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Overall Rating

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Worth A Look85.71%
Average: 14.29%
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1 review, 1 rating

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Short Time
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by Jack Sommersby

"Offers a Great 'Time'"
4 stars

Want some really cool action and some laughs and a wonderful star performance? This is definitely the movie for you.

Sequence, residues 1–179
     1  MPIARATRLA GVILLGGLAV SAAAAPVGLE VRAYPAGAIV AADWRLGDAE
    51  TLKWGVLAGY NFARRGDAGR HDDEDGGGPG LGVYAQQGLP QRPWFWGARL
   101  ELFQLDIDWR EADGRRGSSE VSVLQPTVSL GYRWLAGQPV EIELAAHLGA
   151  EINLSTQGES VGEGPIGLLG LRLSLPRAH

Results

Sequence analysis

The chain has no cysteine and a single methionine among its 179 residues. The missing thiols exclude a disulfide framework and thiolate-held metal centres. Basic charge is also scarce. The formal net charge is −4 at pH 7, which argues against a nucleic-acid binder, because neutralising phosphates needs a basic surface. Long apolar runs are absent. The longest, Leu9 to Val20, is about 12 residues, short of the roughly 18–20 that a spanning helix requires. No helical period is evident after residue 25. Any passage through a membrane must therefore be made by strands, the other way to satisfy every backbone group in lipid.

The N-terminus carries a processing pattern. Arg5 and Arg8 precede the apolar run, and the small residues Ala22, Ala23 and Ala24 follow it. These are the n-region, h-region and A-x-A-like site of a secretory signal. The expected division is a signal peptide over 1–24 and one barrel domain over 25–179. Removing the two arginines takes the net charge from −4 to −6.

The always-welcome Dabney Coleman delivers an outstanding performance as Bart Simpson, a Seattle policeman with a week left until retirement who mistakenly thinks he only has a couple of weeks to live and tries to get killed in the line of duty so his estranged wife Carolyn (Teri Garr) and young son will benefit from a generous departmental insurance policy. But Short Time is actually an action-comedy rather than a drama (the best of its type since Beverly Hills Cop and Midnight Run), though it does contain some dramatic aspects, and some affectively genuine ones, at that; and to its accomplishment, it doesn't suffer from jarring shifts in tone -- nothing is overly violent or overly emotional. Bart is the ultimate anal-retentive: the kind who believes in coupon-cutting as a religion and is obsessed with his ten-year-old getting into Harvard some day (he gives him stuff like a Harvard beer stein); and he's even more a fuddy-duddy with his partner Dills (Matt Frewer), constantly lecturing him about eating right and investing his savings into six-month CDs. So his control-freak self is understandably thrown for the ultimate loop when he's told he has a rare blood disorder -- yet he really doesn't: at a doctor's office giving a blood sample for more life-insurance coverage, his sample is switched by another man whose company sprung a last-minute drug test on him; he smoked a joint the day before and is sure the sample by Bart, who he briefly conversed with in the waiting room, is clean. The doctor advises him to get his affairs in order, and he refuses to tell Carolyn or Dills about his supposed ailment; but soon they both see quite a change in him -- his being more open-hearted and caring to her, and his being less stringent with his money like buying Dills meals in expensive restaurants and giving him the keys to the cherry-red Mustang convertible he's just purchased. And, of course, he becomes totally uninhibited in his work: leaving his protective vest in his locker and volunteering for double shifts in the city's most crime-ridden neighborhoods. The ultimate joke of the movie, and it's a good one, is that no matter how daring and reckless and risky he acts, he simply can't get himself killed. A domestic disturbance call results in a senile couple apologizing for raising their voices to one another, a bomb-wielding suicide case inside a convenience store with hostages is successfully talked down by Burt who enters the store in just his underwear, and at the end of an extended highway car chase involving Burt and some machine-gun-armed baddies, even with his car smashed and decimated to near-smithereens, he survives infuriated for having forgotten to take off his seatbelt.